Voting Tuesday? Check out the Truth-O-Meter first

Poll workers in Cranston await voters during slow primary day in September 2008.
Poll workers in Cranston await voters during slow primary day in September 2008.

We're giving the Truth-O-Meter a bit of a rest. For the past few weeks, the increasingly frantic primary campaigns have kept the Meter spinning so fast we worried it might catch on fire. So we decided to reprise some of the more than two dozen rulings we've made on candidates who will face voters in Tuesday's primary elections. We've rated claims on health care, campaign donations, illegal immigration, job creation, and whether one candidate told "3 lies in 10 seconds" about his opponent. We haven't gotten to every candidate. We've focused on the major races and what we considered to be the most clear-cut and interesting statements. Here are some of the highlights.

Republicans for governor
John Robitaille caught our attention for separate statements he made about Democrat Frank Caprio's work history and the perennially troubled Division of Motor Vehicles. We gave a False rating to his claim that Caprio never worked in the private sector. Caprio had been a practicing lawyer for years and also worked in the corporate world. Robitaille's statement that union rules allowed cooks helpers to get jobs at the DMV drew a Half True ruling.

Democrats for Congress, 1st District
Statements by Providence Mayor David N. Cicilline touting his accomplishments during his two terms earned back to back False and True ratings. We found that he couldn't take credit for at least $1 billion of the $3 billion  he said he "ushered into the city."  But we agreed with his assertion  that crime is at its lowest rate in 30 years.

Newcomer Anthony Gemma could keep the Truth-O-Meter busy all by himself. As primary day approached, Gemma's campaign has been unleashing daily attacks on his opponents. We focused on one, his claim that former party chairman Bill Lynch "told 3 lies in 10 seconds" about Gemma. While we wouldn't rule on whether Lynch's statements were "lies," we did find that three of the four that we checked were not accurate. So we rated Gemma's claim Mostly True.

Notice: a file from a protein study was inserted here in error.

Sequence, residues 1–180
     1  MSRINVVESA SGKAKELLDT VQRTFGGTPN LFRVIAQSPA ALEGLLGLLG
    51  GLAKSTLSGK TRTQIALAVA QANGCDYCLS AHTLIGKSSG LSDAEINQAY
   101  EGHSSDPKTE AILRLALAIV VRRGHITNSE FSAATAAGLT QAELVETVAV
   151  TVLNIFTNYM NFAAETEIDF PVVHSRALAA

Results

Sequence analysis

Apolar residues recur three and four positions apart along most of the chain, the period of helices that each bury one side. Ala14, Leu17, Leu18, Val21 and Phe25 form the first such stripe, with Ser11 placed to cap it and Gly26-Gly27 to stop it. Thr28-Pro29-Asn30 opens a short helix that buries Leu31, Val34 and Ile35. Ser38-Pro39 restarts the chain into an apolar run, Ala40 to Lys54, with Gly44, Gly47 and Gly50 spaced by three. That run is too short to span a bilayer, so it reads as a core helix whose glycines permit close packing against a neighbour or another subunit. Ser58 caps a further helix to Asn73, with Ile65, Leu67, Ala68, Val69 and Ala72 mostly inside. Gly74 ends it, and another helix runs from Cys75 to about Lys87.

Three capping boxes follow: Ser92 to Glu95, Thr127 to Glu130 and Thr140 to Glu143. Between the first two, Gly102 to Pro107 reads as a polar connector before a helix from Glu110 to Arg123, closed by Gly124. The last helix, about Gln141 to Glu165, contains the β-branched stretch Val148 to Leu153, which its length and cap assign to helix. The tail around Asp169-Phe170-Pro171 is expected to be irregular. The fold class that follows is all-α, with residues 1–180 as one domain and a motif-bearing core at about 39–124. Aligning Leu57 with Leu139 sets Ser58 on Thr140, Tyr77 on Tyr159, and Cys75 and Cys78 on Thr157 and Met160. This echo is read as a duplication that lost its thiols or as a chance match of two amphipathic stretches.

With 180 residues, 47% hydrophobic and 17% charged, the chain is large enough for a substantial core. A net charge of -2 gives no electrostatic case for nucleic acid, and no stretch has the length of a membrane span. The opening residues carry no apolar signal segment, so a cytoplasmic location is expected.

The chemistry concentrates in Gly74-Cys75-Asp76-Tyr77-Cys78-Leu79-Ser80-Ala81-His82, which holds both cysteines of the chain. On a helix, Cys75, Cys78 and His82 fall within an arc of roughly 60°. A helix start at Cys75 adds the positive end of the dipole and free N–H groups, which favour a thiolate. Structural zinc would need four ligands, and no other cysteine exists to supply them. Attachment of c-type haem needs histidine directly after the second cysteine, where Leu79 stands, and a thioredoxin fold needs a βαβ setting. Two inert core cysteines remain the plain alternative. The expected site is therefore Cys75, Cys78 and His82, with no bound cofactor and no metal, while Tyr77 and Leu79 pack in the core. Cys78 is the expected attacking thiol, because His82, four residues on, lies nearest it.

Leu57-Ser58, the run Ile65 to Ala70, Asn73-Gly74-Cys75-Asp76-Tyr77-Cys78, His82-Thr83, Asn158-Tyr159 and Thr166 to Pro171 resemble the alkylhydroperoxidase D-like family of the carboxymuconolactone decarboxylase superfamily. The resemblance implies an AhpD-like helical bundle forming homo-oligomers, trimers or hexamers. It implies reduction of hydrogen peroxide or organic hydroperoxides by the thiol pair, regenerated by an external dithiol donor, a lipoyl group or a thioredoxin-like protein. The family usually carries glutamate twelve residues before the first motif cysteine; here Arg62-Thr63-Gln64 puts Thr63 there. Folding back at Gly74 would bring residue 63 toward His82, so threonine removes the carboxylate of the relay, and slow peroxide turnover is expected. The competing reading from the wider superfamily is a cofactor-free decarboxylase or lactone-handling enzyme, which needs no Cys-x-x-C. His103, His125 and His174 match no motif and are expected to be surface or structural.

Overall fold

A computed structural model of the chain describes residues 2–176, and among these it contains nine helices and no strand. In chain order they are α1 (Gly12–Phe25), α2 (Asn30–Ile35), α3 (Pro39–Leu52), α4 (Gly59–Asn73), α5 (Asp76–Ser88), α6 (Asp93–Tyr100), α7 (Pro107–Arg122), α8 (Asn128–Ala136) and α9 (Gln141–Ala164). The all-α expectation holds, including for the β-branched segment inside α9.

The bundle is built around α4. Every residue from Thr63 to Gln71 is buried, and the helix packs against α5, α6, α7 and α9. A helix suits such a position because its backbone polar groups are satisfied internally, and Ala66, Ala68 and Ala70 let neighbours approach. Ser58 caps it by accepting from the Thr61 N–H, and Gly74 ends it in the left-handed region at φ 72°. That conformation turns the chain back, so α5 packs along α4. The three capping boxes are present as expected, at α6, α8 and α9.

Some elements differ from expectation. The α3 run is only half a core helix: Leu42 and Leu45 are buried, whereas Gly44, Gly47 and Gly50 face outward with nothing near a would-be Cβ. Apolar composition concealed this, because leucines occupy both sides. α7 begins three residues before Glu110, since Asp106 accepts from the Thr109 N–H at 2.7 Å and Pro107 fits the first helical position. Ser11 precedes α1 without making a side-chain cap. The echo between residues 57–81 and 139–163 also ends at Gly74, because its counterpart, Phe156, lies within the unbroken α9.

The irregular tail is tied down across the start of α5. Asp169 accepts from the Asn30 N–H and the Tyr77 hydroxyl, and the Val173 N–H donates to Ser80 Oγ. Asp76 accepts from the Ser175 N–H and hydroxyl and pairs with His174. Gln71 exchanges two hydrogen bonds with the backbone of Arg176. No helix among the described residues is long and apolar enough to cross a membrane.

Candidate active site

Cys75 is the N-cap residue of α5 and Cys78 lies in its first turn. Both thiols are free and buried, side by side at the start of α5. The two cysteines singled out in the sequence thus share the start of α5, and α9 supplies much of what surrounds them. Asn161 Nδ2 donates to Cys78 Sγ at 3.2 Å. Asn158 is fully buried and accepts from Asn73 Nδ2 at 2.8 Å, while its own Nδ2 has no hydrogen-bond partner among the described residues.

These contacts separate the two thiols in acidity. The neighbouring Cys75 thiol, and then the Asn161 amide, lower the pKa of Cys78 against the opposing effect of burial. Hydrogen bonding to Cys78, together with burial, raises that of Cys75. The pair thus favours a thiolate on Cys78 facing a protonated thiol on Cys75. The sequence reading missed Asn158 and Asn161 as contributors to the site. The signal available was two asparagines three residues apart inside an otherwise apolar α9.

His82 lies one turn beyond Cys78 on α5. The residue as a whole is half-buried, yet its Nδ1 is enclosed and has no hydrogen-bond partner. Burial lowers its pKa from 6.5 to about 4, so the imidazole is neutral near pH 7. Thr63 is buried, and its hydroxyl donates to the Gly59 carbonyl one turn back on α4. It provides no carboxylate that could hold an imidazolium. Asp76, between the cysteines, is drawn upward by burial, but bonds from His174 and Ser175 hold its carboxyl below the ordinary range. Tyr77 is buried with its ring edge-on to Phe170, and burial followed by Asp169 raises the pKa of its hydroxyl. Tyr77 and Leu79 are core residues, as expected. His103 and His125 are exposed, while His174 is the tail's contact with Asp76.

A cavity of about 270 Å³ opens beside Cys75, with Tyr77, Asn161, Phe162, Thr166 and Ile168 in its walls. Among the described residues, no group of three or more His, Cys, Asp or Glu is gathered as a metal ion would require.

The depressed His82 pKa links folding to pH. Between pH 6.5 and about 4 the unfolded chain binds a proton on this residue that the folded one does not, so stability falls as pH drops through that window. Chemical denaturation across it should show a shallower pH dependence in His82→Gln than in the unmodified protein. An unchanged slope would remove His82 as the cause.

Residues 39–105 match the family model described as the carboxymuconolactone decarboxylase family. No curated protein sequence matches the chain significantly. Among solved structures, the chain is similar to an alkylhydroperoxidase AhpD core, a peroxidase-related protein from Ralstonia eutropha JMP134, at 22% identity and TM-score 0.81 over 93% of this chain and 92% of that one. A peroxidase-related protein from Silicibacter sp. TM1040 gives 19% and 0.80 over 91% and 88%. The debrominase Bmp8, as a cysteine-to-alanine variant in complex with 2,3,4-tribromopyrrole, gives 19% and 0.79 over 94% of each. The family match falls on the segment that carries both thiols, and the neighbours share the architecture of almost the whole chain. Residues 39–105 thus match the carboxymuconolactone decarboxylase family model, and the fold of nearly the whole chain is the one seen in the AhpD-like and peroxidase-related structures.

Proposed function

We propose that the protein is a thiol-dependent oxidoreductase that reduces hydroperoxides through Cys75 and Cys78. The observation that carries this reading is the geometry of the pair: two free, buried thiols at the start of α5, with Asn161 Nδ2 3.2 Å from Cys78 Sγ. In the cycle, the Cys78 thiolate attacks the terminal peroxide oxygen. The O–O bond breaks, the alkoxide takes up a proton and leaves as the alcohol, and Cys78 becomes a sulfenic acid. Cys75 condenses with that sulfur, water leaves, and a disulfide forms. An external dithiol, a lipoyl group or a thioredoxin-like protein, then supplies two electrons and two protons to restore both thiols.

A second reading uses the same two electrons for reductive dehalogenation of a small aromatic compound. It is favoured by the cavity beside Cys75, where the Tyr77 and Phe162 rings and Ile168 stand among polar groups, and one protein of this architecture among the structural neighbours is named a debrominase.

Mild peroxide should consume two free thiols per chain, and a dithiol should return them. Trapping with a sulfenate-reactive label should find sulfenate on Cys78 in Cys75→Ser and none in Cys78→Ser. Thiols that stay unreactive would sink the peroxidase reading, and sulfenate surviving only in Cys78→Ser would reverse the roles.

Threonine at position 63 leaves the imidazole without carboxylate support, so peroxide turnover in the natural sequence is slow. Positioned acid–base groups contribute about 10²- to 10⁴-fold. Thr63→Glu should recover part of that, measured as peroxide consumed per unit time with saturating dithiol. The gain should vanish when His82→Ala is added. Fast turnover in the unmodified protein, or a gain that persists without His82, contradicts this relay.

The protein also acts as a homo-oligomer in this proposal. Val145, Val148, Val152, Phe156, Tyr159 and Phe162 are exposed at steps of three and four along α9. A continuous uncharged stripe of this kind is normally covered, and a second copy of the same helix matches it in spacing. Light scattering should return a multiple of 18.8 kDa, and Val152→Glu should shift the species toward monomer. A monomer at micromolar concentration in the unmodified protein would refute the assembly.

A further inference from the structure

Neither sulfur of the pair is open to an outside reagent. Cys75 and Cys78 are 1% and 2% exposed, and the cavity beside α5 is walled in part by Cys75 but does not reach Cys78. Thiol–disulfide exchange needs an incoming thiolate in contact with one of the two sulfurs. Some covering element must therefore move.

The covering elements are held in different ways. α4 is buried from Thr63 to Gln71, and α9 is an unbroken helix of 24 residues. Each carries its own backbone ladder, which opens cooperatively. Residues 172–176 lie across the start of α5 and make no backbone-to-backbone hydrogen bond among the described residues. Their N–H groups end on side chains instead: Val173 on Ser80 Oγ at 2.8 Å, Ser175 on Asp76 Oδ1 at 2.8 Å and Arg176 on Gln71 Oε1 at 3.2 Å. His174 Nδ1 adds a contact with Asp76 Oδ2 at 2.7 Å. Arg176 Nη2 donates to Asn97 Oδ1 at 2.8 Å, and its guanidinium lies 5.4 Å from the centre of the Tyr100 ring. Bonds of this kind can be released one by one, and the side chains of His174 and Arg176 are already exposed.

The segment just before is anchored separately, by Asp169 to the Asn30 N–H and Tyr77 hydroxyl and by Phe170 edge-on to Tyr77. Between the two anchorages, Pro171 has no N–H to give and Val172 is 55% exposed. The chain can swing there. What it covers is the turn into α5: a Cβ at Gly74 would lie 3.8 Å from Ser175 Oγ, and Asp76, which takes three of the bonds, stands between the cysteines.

State Rep. David Segal, the most liberal of the four Democrats in the race, vows to stand up to corporate interests if he makes it to Congress. But we found his claim that he "passed laws cracking down on Wall Street banks” to be Barely True.

Bill Lynch claimed that  Cicilline had accepted "hundreds of thousands in donations from lobbyists, PACs and insiders." After checking Cicilline's campaign finance reports, and finding little evidence to support Lynch's claim, we ruled it Barely True.

Democrats for Congress, 2nd District
Rep. Jim Langevin and one of his primary challengers, former state Rep. Elizabeth Dennigan, caught our attention with statements they made about unemployment benefits and Afghanistan, respectively. Langevin said every dollar spent on benefits puts $1.90 into the economy. We ruled that Half True. Dennigan said there are fewer than 100 al Qaeda in Afghanistan, a claim we found to be Mostly True.

Republicans for Congress, 2nd District
Michael J. Gardiner frequently makes strong statements that cry out for a PolitiFact check. Most recently, he said war costs in Afghanistan are triple "any other place." We found it's two-thirds more expensive to fight in Afghanistan than Iraq and ruled his claim False. Bill Clegg claimed the nation's deficit is growing by $3 million a second, an assertion we found to be 50 times too high, drawing a False rating. And Mark S. Zaccaria made two claims in one sentence about Democrat Jim Langevin's party-line voting record. We rated one True and one False.

Democrats for attorney general
If there were a contest for mudslinging, this race would win, hands down. We've stayed out of the mud while checking statements made by all three candidates. We issued a Pants on Fire rating to Steven Archambault's claim that Blue Cross spent $30,000 on a granite table for its new headquarters. But we found his claim that Rhode Island has one of the nation's highest rates of motor-vehicle fatalities related to alcohol to be Mostly True.

Joseph Fernandez's claim that he stripped "corrupt cops and government officials" of their pensions drew a False ruling. We found Peter Kilmartin's claim that each dollar spent on afterschool programs saved $5 in crime costs to be Half True,  but we gave a Pants on Fire rating to his attack on Fernandez over Fernandez's handling of the Providence bad-check scandal .

We won't be issuing any more rulings until after the primary. But we're charging up the Truth-O-Meter for the race to November. Stay tuned.